impact on today's state constitution
impact on today’s state constitution
HERES TWO DIDFERENT PARAGRAGHS THATS NEES TO HAVE A RESPONSE WITH REFRENCES. Just like youve done before.
Texas’ unique history has a great deal of impact on today’s state constitution. The first major event that affected the constitution is quite obvious: texas’ break from mexico. The book describes this break as a “constitutional crisis” (802). The texasdeclaration of independence contained several ideas that are still important to texans today, such as the duty of the government to “Protect the lives, liberty and property of the people.” The constitution of 1836 closely resembled the constitution of the U.S. It included a bicameral legislature and an elected chief with considerable powers.
The National Reconstruction Act also ended up having a huge influence on the current Texas constitution. Under the NRA, congress was granted power to appoint state governors. They appointed Edmund Davis the governor of Texas. Because of the fact that the constitution had centralized power in the executive branch, Davis had a great amount of power. He used his power to create a “corrupt, extravagant administration that eventually turned to the state police and the militia to attempt to maintain it’s regime.” This lead to many Texan’s distrust of government. Once Davis left office, a new constitution was drafted- and it was heavily influenced by the distrust caused by Davis. The constitution of 1876 called for a “strong popular control of government” and the ability to “seriously limit the power of state government’ (809).
Another thing that is unique about texas’ constitution, is that it differs from the U.S constitution in several ways. One obvious difference is the length and revisements. While the U.S. consitution has only been amended 27 times, has 7 articles and is flexible, the Texas constitution has been amended 474 times, has 16 articles and is described as “lengthy, confusing and highly restrictive” (811) (Video lecture). There are also some differences in clauses. The U.S constitution contains the supremacy clause, which basically states that laws of the United States are superior to the state laws. In cases of differences the US law will be acknowledged over state laws. The US constitution also contains the necessary and proper clause, which allows congress “the power necessary to accomplish it’s constitutional tasks” so, basically it grants congress power that is not explicitly stated in Article 1. The texas constitution does not grant this type of flexibility.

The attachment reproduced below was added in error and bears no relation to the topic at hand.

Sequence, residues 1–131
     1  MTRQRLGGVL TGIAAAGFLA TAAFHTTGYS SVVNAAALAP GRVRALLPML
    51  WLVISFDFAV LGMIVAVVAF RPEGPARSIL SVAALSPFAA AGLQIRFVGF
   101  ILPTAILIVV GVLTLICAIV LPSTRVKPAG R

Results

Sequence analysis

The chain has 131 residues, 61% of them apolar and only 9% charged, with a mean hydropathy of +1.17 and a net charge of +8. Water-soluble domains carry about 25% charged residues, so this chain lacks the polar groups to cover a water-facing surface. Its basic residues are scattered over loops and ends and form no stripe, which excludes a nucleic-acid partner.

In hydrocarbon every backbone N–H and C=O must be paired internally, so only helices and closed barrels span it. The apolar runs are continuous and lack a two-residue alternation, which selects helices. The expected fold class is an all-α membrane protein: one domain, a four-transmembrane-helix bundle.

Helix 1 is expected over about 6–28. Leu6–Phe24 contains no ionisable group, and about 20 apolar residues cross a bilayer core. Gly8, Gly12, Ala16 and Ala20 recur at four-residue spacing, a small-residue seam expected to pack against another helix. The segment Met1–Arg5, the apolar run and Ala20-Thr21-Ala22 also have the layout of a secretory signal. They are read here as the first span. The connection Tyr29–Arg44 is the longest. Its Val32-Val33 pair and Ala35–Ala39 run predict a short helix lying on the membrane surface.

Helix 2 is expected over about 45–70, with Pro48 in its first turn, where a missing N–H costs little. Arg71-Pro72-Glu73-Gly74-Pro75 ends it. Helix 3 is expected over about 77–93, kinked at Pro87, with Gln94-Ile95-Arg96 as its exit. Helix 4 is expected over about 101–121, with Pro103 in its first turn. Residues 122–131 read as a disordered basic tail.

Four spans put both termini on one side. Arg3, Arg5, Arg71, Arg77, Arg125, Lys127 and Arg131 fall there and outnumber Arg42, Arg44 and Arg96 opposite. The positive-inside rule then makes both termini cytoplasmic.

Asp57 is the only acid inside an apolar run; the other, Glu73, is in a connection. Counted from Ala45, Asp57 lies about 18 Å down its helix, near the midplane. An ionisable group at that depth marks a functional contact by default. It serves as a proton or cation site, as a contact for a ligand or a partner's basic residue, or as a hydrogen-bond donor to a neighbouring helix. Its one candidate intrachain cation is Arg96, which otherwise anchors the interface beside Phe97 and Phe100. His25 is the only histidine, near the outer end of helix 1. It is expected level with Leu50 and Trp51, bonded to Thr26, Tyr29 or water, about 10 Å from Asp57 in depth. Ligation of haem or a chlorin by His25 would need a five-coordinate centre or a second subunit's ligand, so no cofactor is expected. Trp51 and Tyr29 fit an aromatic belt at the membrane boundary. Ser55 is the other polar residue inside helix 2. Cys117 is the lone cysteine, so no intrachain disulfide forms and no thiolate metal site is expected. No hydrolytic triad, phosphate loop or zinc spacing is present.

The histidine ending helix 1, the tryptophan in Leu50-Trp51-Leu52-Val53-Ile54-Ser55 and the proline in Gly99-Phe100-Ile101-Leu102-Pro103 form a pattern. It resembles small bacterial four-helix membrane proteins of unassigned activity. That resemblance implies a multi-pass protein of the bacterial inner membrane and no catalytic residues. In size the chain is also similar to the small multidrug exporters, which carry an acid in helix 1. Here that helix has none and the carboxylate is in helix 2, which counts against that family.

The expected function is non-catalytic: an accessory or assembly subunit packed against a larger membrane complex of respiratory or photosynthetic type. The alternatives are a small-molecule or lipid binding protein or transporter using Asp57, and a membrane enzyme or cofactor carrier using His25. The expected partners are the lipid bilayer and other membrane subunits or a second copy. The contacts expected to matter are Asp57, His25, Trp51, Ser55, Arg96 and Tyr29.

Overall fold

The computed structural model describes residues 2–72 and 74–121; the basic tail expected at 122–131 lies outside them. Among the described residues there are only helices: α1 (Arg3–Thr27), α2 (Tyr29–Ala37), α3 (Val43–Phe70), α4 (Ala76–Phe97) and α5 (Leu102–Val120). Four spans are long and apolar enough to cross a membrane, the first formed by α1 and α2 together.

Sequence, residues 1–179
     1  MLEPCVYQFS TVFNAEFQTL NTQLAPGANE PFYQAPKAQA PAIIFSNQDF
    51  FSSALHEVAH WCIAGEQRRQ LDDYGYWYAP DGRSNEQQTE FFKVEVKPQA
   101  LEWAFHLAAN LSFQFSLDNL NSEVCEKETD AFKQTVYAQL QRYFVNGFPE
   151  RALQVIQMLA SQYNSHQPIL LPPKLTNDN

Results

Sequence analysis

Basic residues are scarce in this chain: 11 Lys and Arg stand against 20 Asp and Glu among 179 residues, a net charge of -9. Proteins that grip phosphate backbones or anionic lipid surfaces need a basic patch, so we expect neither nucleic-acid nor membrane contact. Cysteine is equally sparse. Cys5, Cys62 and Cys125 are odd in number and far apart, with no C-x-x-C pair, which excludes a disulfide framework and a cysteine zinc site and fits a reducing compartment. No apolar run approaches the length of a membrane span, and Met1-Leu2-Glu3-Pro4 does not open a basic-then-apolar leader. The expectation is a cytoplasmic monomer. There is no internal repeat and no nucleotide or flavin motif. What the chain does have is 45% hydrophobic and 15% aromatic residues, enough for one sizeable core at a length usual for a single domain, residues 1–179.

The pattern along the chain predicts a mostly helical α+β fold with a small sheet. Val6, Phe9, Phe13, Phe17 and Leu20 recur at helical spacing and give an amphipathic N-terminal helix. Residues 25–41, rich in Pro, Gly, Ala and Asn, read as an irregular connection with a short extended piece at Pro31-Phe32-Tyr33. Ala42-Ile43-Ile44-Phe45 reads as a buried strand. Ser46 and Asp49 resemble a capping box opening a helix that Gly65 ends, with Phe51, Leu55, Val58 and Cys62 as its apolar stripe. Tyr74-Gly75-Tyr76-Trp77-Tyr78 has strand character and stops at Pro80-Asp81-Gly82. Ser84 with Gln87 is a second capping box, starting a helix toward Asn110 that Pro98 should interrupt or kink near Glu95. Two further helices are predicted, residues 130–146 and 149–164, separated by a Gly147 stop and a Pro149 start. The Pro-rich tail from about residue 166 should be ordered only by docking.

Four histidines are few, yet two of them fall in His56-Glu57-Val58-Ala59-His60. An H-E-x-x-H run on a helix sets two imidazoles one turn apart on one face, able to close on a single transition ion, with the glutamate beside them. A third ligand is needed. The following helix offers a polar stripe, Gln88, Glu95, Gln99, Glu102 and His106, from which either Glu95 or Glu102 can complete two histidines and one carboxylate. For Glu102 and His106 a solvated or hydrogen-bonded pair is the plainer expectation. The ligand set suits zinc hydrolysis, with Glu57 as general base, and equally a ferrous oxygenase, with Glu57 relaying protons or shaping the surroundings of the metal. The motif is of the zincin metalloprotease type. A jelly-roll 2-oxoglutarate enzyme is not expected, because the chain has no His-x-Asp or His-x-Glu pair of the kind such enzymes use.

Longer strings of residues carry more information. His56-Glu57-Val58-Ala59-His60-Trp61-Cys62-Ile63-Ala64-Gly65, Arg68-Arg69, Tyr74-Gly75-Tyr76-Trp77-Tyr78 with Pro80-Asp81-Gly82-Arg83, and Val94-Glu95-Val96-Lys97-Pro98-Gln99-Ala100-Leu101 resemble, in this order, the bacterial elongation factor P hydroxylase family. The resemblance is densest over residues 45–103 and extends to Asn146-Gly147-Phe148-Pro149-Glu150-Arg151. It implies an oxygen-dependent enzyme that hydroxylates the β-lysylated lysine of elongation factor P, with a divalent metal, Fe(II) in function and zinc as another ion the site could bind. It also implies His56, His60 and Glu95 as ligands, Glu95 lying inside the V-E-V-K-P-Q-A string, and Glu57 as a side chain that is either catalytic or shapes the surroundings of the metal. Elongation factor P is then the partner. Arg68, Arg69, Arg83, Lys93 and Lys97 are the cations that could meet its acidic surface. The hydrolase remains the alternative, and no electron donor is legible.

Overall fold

Texas’ constitution received numerous revamps that have influenced the one we have today. The break with Mexico had a large part in shaping our state constitution. After becoming independent of Mexico, framers drafted a constitution that resembled the United States. They included a bicameral legislature, chief executive, and four-tiered judicial system. Another large influence on the Texas Constitution was the annexation of the state to the U.S. Under its newly revised constitution, Texas provided for a governor, lieutenant governor and legislature adjustments. The Constitution of 1866 was another factor that molded the current constitution into what it is today. The governor’s salary and term limit were increased, the state supreme court was expanded to five judges, and district court judges received 8-year term limits (Ginsberg, 2013, p 807).
The Texas Constitution and U.S. Constitution differ in the sense that the U.S. Constitution has the supremacy clause, declaring it the “supreme Law of the Land” (Ginsberg, 2013 p 799). This clause requires all judges to adhere to the U.S. Constitution, not their state constitution. Another difference lies in the U.S. Constitution’s necessary and proper clause. This allows Congress the “power necessary to accomplish its constitutional tasks” (Ginsberg, 2013, p 800). Texas’ constitution does not grant such flexibility.
Ginsberg, Lowi, Weir, We the People, 9th ed., Texas ed., New York: W. W. Norton, 2013.